Monday, March 14, 2016
Girl Scout Cookies
(Dishin’ It Out—Ginger’s title for this blog—keeps me talking about food. You’d think I was on a diet or something, the number of times I’ve blogged about food lately. While it's past time for a diet, I’m too much in the “Garfield” frame of mind. The chubby cartoon cat explained that “'Diet' is just
Riding my clunky step-through “Granny” bike the other day I crossed town, the first cycle ride of the year to the grocery store, 4+ miles away. It’s usually an odds and ends journey for obvious reasons, but it’s an errand I can run without firing up the car. On a bright spring day, it makes sense. I pulled up, locked the bike, collected my stuff and headed in.
'Die' with a T.” For this story, though, the cookies are just the lead in.)
At the door, I was met by a brightly smiling young lady carrying a sign announcing that it was the cookie time of year! And there they were, boxes and boxes of cookies stacked on a table just inside the door, surrounded by cute kids and tired-looking moms tending their display. I promised to purchase some on the way out, but the sight of those girls, badges on display, made me remember my own cookie seller days.
My Scout cookie sales were few because I lived in the country. We had exactly three families nearby, one of whom was just so stone weird we mostly ignored them. This left me the kindly dairy farmers across Route 20 and the pleasant couple who ran the little motel which lay two alfalfa fields beyond our house. Of course, my mom bought a few boxes and some of her bridge friends also purchased a few from me, but we didn’t have any local relatives, and most of the people we knew had girl scouts of their own. Still, I always made the effort, and effort, sometimes, it truly was.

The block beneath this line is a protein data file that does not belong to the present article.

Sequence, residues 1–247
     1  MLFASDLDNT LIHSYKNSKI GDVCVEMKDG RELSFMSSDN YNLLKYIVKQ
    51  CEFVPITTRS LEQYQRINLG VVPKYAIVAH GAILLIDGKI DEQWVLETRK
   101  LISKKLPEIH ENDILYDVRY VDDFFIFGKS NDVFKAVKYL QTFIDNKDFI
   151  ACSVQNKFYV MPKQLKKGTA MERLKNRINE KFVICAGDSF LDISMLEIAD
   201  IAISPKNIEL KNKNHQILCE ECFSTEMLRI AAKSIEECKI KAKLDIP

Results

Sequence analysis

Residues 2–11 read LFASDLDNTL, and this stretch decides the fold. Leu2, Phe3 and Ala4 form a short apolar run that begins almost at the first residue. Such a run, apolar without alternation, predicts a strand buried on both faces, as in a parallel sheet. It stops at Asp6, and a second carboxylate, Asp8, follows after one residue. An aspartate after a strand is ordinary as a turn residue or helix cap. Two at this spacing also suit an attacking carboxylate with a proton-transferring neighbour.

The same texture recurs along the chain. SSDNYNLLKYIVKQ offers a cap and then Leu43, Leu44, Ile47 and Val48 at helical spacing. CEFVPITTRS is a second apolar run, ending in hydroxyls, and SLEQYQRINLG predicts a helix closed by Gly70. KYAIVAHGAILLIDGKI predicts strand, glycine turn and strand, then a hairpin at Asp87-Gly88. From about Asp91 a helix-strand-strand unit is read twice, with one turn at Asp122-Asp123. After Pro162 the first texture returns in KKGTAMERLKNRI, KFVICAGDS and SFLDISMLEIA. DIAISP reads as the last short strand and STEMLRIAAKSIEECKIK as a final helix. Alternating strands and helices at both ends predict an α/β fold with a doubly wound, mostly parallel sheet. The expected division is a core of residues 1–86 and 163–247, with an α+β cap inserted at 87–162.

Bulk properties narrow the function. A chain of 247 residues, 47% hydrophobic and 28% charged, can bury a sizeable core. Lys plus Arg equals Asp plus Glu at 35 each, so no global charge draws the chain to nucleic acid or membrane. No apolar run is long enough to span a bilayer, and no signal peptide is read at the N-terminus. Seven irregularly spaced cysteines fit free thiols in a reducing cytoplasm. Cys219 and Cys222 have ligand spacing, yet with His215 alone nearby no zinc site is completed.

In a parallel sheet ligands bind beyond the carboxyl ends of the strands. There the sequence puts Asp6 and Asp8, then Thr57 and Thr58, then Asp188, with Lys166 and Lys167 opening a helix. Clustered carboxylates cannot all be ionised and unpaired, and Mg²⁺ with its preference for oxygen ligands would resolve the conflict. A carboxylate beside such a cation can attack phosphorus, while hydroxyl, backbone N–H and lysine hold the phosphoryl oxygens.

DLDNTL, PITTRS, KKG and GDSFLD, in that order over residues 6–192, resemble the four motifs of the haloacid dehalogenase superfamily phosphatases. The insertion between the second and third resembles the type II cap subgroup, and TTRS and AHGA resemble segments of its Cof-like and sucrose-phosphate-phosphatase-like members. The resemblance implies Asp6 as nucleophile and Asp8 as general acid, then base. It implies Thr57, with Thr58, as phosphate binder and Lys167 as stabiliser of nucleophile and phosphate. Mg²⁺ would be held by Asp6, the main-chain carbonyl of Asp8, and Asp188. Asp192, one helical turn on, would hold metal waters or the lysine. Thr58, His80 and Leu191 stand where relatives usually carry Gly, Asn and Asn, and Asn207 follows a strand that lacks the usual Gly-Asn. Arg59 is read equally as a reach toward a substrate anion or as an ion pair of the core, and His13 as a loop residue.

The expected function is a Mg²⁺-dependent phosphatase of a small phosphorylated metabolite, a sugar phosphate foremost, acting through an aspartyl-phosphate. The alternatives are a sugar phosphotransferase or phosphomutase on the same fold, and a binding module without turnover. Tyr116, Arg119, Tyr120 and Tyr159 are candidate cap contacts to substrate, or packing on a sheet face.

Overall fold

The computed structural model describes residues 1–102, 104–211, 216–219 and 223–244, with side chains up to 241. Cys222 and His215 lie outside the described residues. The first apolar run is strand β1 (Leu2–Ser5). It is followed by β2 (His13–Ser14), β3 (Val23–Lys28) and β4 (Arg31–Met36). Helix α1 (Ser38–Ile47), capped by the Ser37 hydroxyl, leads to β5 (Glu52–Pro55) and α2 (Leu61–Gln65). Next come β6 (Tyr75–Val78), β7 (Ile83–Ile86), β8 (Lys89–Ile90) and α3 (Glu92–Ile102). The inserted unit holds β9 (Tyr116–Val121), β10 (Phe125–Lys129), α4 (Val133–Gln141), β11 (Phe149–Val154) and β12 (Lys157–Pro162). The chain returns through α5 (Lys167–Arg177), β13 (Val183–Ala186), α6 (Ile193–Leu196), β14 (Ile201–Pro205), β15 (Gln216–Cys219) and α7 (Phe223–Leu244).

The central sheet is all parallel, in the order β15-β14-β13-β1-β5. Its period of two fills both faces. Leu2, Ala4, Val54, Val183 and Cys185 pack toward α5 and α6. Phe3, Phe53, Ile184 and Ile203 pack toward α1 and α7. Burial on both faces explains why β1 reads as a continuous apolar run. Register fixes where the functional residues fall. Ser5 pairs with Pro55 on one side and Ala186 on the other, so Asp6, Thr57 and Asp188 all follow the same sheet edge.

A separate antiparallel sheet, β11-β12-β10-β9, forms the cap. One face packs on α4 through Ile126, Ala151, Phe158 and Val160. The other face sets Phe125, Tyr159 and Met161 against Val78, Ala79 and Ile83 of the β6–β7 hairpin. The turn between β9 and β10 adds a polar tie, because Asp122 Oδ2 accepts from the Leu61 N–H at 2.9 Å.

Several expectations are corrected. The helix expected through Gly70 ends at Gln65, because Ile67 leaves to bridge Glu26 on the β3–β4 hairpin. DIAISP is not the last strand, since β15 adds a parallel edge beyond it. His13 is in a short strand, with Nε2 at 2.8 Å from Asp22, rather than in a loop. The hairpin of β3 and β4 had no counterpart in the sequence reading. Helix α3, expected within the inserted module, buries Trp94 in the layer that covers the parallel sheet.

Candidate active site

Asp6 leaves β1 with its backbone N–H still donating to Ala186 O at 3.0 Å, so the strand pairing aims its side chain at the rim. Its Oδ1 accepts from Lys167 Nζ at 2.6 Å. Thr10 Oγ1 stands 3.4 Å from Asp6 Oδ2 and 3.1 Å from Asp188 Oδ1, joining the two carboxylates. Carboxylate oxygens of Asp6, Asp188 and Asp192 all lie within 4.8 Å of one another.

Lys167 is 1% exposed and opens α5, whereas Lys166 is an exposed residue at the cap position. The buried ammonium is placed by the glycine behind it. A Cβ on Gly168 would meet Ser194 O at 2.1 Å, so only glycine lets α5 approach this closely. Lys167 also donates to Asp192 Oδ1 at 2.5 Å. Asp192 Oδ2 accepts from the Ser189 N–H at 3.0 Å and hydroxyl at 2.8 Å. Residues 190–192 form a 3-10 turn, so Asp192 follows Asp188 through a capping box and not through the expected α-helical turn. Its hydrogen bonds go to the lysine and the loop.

Cookie Time is traditionally March. Here in South Central Pa we had a single humdinger of a snow storm closely followed by 80 degree weather—in short, not at all like my childhood experience of winter. Back then, in the fifties, in Skaneateles, New York, we could literally have feet of the fatal white piled all over us straight through March. Route 20, which my parents jokingly said they could tell time by – the grumble and grind of the snow plow’s passage, every hour on the hour during winter -- was a narrow twilight corridor hedged in by mountains of ice-glazed accretion.
I remember going out to deliver my cookies, lugging the big brown box that held them, and hoping I’d get to where I was going before a truck or yet another snow plow came along. I’d see the headlights approaching and have to struggle up and onto the snow bank to get off the road. Some years those banks were frozen so hard that I'd skin my knee right through the leggings if I fell while trying to get out of the way. Some years, the banks had begun to melt, like a Pleistocene glacier, filling the road with melt water torrents and my boots with grungy snow if I broke through during a climb to safety.
Either way, the plows were fearsome, about as big as machines got in those days, with huge upswept blades, blinding lights, and a driver peering out a small window high overhead. If they caught sight of me in the twilight, a small figure perched on the nearby bank, they usually appeared surprised. Eventually, I’d arrive in one or the other family’s warm kitchen with snow and gravel inside my boots, make the delivery and then trudge back home again, always alert for the clink-clink-clank of tire chains, ready to escape up the bank again.
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